We are up and off at 4am for our final run home to Port Dover. A strong north-west wind has risen the lake and the waves are significant, but fortunately with the wind on the beam we are riding mostly parallel to the waves, which is a whole lot better than smashing into them head on. Ana sits with me in the cockpit for a while then lies down there with some blankets and gets some sleep. As usual, the kids are kipping wildly down below in the aft cabin and won’t be up for hours.
The final ride home is always a time for me to reflect on the trip. In retrospect, the unanticipated side trip to Erie at the start of the trip was a very good thing. If the engine had crapped out in Dover it would have taken a lot longer to fix and probably would have cost much more. Plus, we really enjoyed our days in Erie. It did mean that my original hope of sailing all the way to Toledo didn’t work out because of the lost days, but that was really no big deal.
This lake is certainly a second home to us and we have explored so much of it that there is really only one area remaining - Buffalo and the loop around Grand Island. The reason we haven’t done that part yet is that it’s quite close to home and we probably only need a week for it, and since we usually take two weeks we like to go venture further. But perhaps next year we will make it happen.
The kids seem to have had a pretty good time, and this is something that both Ana and I were a little worried about as they are getting older and we felt they might be running out of patience for sailing. But they did great, and kept themselves entertained without driving us too crazy. The one thing I’ve done a terrible job at is teaching these kids about sailing. They are happy to come along for the ride, but show very little interest in learning much about piloting the boat. Stella, in truth, has shown some interest, but Magnus absolutely none, although he has really enjoyed ripping around in the dingy, so perhaps that’s a start. Or maybe they are both destined to be powerboaters, which would be okay too as we also love powerboats - just not as much as sailboats, because sailboats can take you much further on a much lower budget and we’re all about the miles.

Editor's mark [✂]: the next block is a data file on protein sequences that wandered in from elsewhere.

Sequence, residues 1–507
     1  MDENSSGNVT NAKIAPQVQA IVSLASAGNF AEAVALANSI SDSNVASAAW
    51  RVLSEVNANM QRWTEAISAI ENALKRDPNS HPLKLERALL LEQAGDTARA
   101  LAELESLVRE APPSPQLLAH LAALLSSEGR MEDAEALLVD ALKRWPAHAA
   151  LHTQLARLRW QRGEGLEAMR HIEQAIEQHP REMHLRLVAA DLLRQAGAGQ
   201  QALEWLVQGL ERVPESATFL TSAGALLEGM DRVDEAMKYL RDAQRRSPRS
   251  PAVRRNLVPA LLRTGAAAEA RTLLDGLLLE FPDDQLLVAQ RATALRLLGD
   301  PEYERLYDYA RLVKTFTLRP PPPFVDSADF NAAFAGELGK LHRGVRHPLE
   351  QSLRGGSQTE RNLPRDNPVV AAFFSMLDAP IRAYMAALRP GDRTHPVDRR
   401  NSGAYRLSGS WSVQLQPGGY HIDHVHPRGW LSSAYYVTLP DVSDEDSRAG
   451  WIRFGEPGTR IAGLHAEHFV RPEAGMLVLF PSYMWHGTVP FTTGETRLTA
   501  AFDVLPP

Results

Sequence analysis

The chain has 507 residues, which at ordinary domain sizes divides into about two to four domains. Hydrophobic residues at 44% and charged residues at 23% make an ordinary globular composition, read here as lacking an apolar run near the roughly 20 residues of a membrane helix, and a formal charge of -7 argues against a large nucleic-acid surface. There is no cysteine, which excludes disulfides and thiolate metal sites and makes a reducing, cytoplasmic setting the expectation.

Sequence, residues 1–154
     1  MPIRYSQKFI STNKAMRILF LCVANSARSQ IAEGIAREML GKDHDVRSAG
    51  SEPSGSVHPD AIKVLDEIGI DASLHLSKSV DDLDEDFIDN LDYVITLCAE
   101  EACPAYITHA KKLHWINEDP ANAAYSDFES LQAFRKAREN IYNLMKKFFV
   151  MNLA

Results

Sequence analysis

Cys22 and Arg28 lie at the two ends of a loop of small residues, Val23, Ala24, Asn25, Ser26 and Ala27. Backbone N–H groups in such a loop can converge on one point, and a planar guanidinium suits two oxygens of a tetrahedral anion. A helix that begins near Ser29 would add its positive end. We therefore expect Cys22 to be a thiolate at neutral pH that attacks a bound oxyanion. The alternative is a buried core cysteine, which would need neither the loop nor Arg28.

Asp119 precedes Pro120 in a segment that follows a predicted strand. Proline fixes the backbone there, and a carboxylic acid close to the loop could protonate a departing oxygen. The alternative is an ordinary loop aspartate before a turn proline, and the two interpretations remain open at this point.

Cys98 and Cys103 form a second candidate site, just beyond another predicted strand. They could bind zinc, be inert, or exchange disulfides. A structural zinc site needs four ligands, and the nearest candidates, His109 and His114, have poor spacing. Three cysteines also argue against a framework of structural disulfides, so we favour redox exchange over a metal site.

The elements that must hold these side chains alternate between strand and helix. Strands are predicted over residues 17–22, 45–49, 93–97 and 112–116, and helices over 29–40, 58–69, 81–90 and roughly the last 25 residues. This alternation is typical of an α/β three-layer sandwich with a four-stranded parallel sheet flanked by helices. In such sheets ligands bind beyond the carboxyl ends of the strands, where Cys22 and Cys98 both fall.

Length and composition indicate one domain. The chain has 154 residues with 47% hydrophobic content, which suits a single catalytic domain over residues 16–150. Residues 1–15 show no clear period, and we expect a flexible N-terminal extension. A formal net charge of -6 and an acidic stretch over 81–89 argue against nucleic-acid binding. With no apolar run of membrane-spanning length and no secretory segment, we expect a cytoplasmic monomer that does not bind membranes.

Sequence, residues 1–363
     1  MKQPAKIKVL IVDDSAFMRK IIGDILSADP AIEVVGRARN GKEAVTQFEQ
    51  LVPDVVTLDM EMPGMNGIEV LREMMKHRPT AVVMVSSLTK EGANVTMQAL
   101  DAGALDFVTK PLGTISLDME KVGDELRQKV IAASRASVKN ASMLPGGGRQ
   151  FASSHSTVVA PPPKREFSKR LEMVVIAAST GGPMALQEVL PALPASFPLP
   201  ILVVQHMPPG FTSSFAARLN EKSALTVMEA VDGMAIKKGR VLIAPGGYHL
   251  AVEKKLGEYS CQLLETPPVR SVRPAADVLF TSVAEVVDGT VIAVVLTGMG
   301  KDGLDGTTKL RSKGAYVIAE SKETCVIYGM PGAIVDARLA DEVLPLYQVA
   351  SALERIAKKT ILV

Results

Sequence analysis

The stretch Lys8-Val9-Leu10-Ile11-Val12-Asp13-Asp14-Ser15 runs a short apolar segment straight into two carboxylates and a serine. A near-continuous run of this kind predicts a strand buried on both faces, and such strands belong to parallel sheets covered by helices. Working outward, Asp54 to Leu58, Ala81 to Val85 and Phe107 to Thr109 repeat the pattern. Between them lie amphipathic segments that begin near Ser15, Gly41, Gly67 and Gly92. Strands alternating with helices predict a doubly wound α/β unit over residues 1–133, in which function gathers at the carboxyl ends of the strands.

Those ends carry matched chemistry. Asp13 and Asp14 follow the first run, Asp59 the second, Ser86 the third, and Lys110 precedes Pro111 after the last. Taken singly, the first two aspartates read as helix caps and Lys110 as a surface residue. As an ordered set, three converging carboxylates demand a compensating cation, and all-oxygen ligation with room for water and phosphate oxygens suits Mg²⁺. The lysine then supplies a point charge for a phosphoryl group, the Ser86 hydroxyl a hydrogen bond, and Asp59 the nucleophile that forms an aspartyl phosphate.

The ride across the lake is long and the waves get very large - some up to four or five feet, but they push us along nicely and we don’t even need the motor for most of the trip as we’re doing over six knots on sail power alone which is a fast run. As we approach the lighthouse at the end of Long Point, Cabin Fever appears on our stern and we have a quick chat on the radio - excellent timing! Tony and Angela head for Turkey Point, which is west of Port Dover about 10 miles or so, and we sail the remaining couple of hours back home, making the 99 miles in under 15 hours. Much of our dock family is there and help us into our slip - it is nice to see them all, looking tanned and happy that the summer heat has finally arrived. It seems like we have been gone for a very long time and we are pleasantly pleased to be back. We have a quick visit with our buds, then pack up the van, tie up Bella Blue and head for home.
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